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MOVIE REVIEW : Witty Look at Longing in 'Desire'

July 02, 1993|KEVIN THOMAS | TIMES STAFF WRITER

WEST LOS ANGELES — With his elegant and erotic "Chain of Desire" (at the Nuart), Caracas-born writer-director Temistocles Lopez has deftly transposed the structure of "La Ronde" and set it down in contemporary Manhattan. Those who've seen Max Ophuls' memorable 1950 film version of Arthur Schnitzler's 1897 play "Reigen" will recall that it is composed of a series of vignettes in which one lover moves on to the next who in turn moves on to another until the last lover connects with the first, thus completing a circle.

This ironic device allows Lopez to show how sexual longing and emotional craving in all their permutations reveal the loneliness and isolation that is endemic to modern urban life. A film of wit and compassion, "Chain of Desire" is a serious comedy, spiked with humor that is as hilarious as it is subtle. In only his second feature, Lopez hasn't Ophuls' flawless pacing but arguably his film possesses greater depth. It also possesses a flowing, graceful style, and cinematographer Nancy Schreiber brings a burnished, moody glow to his sleek, sensual images of Manhattan. More realistic than romantic, the film crosses racial, ethnic and sexual lines and socioeconomic levels.

Setting in motion Lopez's "chain of desire" is Linda Fiorentino's sultry singer, a current hit in the club scene but so unhappy in love she finds herself coming on to a husky Latino workman (Elias Koteas) in a church. Koteas' pretty wife (Angel Aviles) in turn is subjected to the kinky advances of her employer (Patrick Bauchau), who in turn is having an affair with the wife of a friend, and so on until we return to Fiorentino a dozen individuals later.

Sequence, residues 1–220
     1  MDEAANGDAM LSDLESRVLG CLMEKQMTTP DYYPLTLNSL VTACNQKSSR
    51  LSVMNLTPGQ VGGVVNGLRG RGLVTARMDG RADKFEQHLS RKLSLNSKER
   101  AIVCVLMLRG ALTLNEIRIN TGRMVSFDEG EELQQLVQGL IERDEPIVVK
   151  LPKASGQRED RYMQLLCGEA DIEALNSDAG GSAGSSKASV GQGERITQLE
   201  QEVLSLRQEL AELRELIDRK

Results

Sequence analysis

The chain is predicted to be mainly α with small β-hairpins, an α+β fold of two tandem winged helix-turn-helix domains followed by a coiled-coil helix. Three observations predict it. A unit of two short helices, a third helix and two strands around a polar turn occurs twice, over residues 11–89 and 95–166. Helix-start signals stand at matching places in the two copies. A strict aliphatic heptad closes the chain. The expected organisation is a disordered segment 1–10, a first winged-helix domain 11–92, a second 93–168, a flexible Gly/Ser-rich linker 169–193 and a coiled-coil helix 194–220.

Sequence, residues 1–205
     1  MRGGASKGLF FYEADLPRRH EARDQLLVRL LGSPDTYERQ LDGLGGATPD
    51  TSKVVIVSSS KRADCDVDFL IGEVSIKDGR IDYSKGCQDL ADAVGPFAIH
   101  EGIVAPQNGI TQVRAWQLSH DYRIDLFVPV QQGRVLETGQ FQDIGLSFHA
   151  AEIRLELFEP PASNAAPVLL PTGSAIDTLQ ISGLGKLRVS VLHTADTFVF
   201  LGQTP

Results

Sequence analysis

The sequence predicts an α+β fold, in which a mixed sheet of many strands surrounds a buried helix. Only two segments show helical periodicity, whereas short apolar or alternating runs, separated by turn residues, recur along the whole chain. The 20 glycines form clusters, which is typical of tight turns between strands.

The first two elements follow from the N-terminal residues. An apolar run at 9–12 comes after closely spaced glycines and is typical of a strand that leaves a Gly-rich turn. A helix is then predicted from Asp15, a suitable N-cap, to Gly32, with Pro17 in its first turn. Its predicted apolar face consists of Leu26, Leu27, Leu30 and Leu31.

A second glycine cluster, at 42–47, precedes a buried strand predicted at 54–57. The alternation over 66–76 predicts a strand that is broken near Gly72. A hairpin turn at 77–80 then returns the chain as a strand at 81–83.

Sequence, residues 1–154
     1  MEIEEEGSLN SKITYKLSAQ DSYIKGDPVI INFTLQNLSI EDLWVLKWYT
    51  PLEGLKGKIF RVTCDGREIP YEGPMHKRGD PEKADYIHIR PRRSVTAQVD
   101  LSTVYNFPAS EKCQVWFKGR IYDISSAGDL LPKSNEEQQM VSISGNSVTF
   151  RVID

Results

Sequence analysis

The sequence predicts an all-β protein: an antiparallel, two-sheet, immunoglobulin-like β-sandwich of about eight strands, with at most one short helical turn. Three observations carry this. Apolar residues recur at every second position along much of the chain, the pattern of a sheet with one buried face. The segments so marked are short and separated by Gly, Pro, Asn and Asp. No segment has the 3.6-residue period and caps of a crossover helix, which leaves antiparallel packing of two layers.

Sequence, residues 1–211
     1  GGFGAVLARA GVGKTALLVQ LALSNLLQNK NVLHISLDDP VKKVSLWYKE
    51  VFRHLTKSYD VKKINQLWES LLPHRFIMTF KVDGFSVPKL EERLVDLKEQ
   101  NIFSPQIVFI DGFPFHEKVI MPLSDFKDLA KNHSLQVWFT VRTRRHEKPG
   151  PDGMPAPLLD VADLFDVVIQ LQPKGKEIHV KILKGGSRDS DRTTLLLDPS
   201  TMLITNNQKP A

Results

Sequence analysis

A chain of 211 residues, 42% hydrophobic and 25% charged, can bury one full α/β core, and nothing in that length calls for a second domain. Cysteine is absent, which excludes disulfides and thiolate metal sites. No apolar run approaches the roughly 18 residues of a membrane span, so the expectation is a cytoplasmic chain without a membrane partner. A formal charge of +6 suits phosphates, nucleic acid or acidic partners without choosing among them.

Virtually everyone involved makes an impression, no small accomplishment in a film with 14 principals and more than that number in supporting parts. Especially sharp and amusing is Grace Zabriskie, as a middle-aged woman whose lover proves to be as big a bore in bed as her husband (Malcolm McDowell), who's a closeted gay. Assumpta Serna is another standout as the beautiful but put-upon wife of a highly successful, shamelessly womanizing painter (Seymour Cassel). Lopez casts Dewey Weber as a handsome gay but instead of treating him as a stud shows him to be a reflective cabaret singer specializing in Brecht/Weill-like songs.

With "Chain of Desire" (Times-rated Mature for adult themes and situations), Lopez reminds us that taste and eroticism can be mutually beneficial rather than mutually contradictory. His major coup, however, is alluding to AIDS anxiety only in passing until a finish that reverberates through all that we have witnessed. "Chain of Desire" has more on its mind than sex.

'Chain of Desire'

Linda Fiorentino: Alma D'Angeli

Grace Zabriskie: Linda Bailey

Malcolm McDowell: Hubert Bailey

Seymour Cassel: Mel

Assumpta Serna: Cleo

A Mad Dog Pictures release. Writer-director Temistocles Lopez. Producer Brian Cox. Executive producer Anant Singh. Cinematographer Nancy Schreiber. Editor Suzanne Fenn. Costumes Pilar Limosner. Music Nathan Birnbaum. Production design Scott Chambliss. Art director Michael Shaw. Set decorator Judy Backer. Sound Joe Romano. Running time: 1 hour, 50 minutes.

Times-rated Mature (for adult themes and situations).

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